odds of 2 to 1 were offered on Wall. But Green
rallied in the following rounds and began to
force the fighting.
Wall was floored in the tenth and eleventh
rounds by blows on the neck. Both men were
covered with blood and their faces and bodies
showed manv bruises. In the fourteenth
round Wall did the leading, while Green kept
away as though he wished to tire his opponent
out. In the latter part of the ronnd Wall
forced Green to a corner of the ring and at
tempted to land his right on Green's head.
Green dodged the blow and Wall's hand came
in contact with a stake and several small bones
were broken, disabling Wall so that bis sec
onds threw np the sponge. The time of the
battle was 55 minutes.
It is said that the principals are well known
sporting men, and thattbe above names were
assumed. The fight was under the Marquis
of Queensberry rules. About 30 spectators
were present, including several prominent men
from North Hudson.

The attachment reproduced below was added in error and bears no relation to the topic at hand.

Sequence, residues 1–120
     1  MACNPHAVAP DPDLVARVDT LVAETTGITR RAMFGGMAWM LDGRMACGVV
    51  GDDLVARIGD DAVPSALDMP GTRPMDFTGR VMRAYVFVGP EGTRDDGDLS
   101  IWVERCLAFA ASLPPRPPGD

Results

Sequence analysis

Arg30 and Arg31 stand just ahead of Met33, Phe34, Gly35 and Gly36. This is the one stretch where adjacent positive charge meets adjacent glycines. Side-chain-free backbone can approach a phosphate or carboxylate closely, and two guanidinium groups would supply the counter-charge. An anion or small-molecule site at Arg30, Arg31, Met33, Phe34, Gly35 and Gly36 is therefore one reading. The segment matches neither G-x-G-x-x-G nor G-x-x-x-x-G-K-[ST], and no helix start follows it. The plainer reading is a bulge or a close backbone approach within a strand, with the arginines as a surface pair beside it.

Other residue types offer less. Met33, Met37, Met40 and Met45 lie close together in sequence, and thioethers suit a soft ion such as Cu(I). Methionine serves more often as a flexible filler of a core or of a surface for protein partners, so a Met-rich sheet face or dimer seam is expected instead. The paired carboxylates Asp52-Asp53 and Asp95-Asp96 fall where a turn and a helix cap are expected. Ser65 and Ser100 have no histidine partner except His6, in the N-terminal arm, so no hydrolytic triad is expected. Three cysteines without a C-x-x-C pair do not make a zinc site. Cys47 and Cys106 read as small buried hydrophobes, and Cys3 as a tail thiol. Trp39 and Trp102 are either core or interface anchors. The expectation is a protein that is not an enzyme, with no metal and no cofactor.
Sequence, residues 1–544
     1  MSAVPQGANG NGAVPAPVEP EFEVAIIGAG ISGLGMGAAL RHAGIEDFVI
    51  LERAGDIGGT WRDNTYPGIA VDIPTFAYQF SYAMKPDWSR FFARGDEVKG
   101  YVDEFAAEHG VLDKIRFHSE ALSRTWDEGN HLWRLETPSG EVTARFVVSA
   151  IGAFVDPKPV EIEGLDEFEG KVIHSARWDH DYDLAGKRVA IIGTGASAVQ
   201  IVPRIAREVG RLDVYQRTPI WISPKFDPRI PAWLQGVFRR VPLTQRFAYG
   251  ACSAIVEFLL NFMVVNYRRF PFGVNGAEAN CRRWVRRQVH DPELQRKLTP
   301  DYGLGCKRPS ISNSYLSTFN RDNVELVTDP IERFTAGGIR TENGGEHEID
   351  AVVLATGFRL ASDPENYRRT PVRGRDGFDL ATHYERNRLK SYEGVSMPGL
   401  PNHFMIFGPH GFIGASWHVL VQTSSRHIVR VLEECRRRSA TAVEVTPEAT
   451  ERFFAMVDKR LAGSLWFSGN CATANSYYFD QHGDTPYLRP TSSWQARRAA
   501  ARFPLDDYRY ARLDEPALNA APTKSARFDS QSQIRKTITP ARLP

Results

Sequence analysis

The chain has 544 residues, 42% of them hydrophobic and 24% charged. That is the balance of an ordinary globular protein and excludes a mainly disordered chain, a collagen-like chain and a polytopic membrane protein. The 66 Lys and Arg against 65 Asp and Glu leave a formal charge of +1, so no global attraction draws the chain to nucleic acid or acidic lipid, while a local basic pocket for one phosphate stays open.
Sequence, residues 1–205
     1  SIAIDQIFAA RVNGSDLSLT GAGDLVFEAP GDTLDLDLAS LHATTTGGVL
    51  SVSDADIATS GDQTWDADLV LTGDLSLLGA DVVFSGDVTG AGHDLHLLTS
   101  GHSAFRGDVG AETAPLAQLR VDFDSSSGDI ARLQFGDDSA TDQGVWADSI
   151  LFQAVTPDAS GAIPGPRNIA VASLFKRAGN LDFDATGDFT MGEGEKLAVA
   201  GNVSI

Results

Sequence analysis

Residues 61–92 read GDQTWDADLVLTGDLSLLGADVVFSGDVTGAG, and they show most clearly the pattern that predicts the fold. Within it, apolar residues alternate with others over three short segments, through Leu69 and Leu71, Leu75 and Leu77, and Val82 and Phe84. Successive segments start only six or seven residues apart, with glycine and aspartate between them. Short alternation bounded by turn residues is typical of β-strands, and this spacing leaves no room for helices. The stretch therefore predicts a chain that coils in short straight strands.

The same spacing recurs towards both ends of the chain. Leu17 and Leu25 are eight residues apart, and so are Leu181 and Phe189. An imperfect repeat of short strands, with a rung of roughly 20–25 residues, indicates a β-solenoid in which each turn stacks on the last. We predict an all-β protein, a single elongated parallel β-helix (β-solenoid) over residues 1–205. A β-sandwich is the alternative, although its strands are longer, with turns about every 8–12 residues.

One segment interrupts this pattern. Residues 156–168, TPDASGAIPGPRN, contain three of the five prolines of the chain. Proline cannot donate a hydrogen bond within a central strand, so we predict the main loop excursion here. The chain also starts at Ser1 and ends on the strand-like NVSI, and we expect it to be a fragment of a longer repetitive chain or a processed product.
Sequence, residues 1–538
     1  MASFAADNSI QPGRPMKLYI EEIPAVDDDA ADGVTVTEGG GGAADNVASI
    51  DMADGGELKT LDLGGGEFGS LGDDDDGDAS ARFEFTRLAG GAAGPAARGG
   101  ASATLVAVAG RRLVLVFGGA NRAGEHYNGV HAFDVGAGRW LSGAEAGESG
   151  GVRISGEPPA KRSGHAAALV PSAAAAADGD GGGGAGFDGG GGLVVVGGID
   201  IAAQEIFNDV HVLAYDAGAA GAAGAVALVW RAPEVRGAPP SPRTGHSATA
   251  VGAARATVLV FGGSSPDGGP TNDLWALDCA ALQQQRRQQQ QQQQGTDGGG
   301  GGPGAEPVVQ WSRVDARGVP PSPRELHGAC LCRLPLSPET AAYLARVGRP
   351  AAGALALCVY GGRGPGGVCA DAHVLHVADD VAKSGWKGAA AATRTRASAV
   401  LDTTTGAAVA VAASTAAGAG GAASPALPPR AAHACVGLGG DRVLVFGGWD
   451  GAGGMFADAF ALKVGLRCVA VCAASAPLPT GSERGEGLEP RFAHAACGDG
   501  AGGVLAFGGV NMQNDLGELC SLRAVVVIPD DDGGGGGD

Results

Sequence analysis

A Large Nnmbcr ot Champion Dots Arrive
for the Exhibition.
Everything is in apple-pie order for the dog
show which opens in the Grand Central rink
this morning at 9 o'clock. The prospects are of
the best and if the weather is fine a big success
is expected. The entries are considered ex
cellent and nearly 200 dogs arrived yesterday.
Tho benches are fixed as heretofore and a
splendid new Btage has been erected. The
dogs will be judged on the stage and Prof. Par
ker's performing dogs will also perform on it.
The judges. Major Taylor and Mr. Navlor, will
arrive this morning. The former will judge
the pointers and setters, and Mr. Navlor will
judge all the other classes.
Among the uogs that arrived yesterday were
those of Mr. Dick, of Johnstown. He bas
eight pretty foxhounds. Mr. B. F. Lewis, of
Philadelphia, also arrived with a long string
and some of them are rare beauties. He has
the English setter Count tf enricks, champion
Irish setter Desmond IL, winner of the field
trials at Frednca, Deh. last year, Irish setters
Lady Fawn, Gordon setters Champion .Little
Boy, Young Rojal Duke, Jr.. the puppy
Victory. Champion Rose, also the bitch Vic.
The collies Champion Nullamore. Bonnie Brae,
champion beagle bitch Lou, Irish terrier Den
nis. He will also show the famous Blenheim